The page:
File History is an incremental backup tool that was originally introduced in Windows 8. It saves multiple copies of your personal files to an external or networked hard drive, so if you accidentally delete a file – a document, photo or video, say – from your PC, you can use this tool to recover the missing item. More importantly, if you make a change to a file that you later regret, and need to revert to a previous version, you can use File History to restore it. The tool is disabled by default in Windows 10, so you’ll have to turn it on before you can use it. There are some limitations to be aware of, too. By default, File History only backs up copies of files that are in the Documents, Music, Pictures, Videos, Desktop and OneDrive folders. The OneDrive option only backs up the files that are synced locally, not everything that’s saved in your cloud storage. If you want to back up files that are kept in a different location, you’ll need add that folder yourself. We’ll show you how to set up File History in our Mini Workshop, opposite. Restore a previous version from File History Once you’ve set up File History and it’s backing up your files, there are a couple of ways you can restore them. From the Backup Settings menu, click ‘More options’ under File History and scroll down to the bottom of the screen. Click the link to ‘Restore files from a current backup’ and select the items to restore. Another option is to right-click the file you want to access a previous version of, then select Properties from the menu. Click the Previous Versions tab at the top, then select the version you want. You can either open the file or restore it. There are down arrows next to both buttons that let you ‘Open in File History’ or ‘Restore To…’ The latter lets you select a custom location. Create a backup of your files File History is the primary way to back up and restore files in Windows 10, but it’s not your only option. The backup tool that Microsoft introduced in Windows 7 is still available in Windows 10, and it’s a capable option that works well. You can use this to back up your files to a local or networked drive, and choose exactly what to include. The tool, called ‘Back up and Restore (Windows 7)’, is tucked away in the Windows Control Panel.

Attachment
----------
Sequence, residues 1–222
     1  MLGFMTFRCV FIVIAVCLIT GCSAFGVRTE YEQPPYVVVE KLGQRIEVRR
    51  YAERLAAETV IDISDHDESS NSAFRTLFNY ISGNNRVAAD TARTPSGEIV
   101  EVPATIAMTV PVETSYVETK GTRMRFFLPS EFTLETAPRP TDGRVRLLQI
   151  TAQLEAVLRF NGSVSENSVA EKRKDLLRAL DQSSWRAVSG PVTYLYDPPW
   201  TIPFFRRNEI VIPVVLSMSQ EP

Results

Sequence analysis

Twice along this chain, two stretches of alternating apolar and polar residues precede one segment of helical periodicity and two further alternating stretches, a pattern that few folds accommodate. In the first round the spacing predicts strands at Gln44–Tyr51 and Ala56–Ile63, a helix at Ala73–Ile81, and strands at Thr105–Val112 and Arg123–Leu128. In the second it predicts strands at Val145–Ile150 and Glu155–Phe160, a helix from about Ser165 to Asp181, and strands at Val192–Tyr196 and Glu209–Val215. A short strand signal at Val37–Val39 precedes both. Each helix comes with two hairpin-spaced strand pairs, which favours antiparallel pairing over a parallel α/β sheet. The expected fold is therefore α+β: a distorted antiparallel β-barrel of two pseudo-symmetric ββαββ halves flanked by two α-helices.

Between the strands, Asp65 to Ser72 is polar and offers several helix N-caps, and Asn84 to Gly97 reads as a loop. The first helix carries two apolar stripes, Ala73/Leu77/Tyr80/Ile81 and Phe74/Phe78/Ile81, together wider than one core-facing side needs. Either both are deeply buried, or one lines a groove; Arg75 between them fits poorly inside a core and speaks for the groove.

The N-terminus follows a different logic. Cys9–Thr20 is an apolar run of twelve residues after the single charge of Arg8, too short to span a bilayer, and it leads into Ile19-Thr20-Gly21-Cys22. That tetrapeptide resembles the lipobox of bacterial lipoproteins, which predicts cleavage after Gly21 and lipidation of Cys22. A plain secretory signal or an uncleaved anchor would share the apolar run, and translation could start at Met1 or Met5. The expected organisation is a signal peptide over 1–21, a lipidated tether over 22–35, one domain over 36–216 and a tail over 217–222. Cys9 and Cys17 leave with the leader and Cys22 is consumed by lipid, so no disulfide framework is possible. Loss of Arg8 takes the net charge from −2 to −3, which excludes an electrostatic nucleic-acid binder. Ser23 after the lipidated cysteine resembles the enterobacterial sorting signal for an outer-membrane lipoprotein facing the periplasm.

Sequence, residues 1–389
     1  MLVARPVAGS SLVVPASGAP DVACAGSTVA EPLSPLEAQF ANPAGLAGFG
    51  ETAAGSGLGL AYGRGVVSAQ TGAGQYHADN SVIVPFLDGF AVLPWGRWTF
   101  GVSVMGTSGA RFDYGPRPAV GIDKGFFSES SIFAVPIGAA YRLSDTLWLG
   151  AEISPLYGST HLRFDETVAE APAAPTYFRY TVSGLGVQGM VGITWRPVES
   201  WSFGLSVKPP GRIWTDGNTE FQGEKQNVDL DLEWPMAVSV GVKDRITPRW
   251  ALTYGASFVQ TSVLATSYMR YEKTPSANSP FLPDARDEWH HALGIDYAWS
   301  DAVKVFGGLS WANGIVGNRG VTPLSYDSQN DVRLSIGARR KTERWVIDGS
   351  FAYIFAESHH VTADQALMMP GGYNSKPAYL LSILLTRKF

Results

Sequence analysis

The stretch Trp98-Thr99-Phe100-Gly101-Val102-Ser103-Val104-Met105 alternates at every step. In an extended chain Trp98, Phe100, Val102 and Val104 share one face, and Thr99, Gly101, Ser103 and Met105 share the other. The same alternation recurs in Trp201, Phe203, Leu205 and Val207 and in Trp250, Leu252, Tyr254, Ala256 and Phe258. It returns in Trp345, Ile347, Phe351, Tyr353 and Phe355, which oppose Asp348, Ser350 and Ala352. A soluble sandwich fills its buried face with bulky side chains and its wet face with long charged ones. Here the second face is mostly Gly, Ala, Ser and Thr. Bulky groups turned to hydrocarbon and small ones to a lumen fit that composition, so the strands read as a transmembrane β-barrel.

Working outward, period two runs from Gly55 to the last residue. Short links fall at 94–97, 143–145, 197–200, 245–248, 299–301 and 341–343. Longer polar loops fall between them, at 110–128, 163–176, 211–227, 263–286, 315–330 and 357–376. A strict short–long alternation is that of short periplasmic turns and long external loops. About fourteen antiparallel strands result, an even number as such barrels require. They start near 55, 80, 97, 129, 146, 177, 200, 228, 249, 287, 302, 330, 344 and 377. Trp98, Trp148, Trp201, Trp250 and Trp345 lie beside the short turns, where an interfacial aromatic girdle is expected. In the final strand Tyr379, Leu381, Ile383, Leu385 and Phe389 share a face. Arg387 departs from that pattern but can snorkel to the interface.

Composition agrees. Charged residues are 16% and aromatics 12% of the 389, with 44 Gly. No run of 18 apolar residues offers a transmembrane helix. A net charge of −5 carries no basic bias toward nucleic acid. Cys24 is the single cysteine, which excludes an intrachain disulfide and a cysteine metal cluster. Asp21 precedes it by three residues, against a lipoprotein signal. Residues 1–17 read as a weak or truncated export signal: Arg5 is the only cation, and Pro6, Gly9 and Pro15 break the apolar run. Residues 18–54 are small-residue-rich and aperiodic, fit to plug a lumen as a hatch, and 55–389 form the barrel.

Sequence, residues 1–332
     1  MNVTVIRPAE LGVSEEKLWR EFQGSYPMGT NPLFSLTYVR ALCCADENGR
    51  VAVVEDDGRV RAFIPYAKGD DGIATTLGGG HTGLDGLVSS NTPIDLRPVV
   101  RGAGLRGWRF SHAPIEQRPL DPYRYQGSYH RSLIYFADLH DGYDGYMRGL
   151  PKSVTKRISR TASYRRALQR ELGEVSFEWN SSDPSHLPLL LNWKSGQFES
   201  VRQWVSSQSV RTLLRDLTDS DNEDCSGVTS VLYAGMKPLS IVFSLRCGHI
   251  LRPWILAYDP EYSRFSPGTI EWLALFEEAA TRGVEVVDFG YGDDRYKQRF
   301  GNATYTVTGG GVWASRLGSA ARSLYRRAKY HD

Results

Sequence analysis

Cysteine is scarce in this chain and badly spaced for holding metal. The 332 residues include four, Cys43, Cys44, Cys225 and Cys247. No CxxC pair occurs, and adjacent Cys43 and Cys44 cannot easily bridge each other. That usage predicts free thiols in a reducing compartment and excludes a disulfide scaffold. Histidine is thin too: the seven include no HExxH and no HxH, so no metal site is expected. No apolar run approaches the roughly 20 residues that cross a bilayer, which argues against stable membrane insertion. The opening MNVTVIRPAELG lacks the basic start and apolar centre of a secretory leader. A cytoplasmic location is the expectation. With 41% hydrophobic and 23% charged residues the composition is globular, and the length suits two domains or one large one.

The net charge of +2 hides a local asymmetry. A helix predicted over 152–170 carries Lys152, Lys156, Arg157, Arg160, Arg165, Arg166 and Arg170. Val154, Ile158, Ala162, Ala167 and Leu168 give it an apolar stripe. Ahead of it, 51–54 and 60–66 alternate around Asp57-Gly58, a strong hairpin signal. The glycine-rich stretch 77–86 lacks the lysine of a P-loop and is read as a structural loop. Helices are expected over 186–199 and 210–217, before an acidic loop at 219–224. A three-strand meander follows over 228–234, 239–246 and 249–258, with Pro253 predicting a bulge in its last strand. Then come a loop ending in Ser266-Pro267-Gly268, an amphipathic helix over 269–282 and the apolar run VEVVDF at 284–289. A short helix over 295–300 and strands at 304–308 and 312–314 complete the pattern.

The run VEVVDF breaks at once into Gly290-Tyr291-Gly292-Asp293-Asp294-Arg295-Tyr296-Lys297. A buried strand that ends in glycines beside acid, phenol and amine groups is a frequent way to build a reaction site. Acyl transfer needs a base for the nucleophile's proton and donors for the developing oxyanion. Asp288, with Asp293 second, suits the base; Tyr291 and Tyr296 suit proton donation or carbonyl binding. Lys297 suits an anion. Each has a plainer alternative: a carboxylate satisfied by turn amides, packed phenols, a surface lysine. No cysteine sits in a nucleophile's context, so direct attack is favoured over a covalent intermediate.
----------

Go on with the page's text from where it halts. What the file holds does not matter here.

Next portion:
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Press Windows+X, choose Control Panel, ‘System and Security’, then ‘Back up and Restore’. Once the tool is configured, you can use it to create new backups and restore files from previous ones. We show you how to use it in our Mini Workshop on page 61. Creating a Desktop shortcut provides quick and convenient access to the tool. Click ‘System and Security’ and rightclick ‘Back up and Restore (Windows 7)’. Select the option at the bottom to ‘Create shortcut’. A message pops up announcing that Windows can’t create a shortcut there, and offers you the chance to place it on the Desktop instead. Click Yes. You can now launch the tool whenever you need to. Rightclicking the new shortcut will let you pin a copy to the Quick Access and Start menus. Launching the ‘Back up and Restore (Windows 7)’ tool displays an option on the left to ‘Create a system image’. To create a shortcut to this option, right-click the Desktop and select New, Shortcut. The Create Shortcut wizard will launch. In the ‘Type the location of the item’ box, enter sdclt.exe /BLBBACKUPWIZARD. Click Next and name the shortcut ‘Create System Image’. Click Finish to complete the wizard and the shortcut will appear on your Desktop.
You’ll love what you see in Windows 10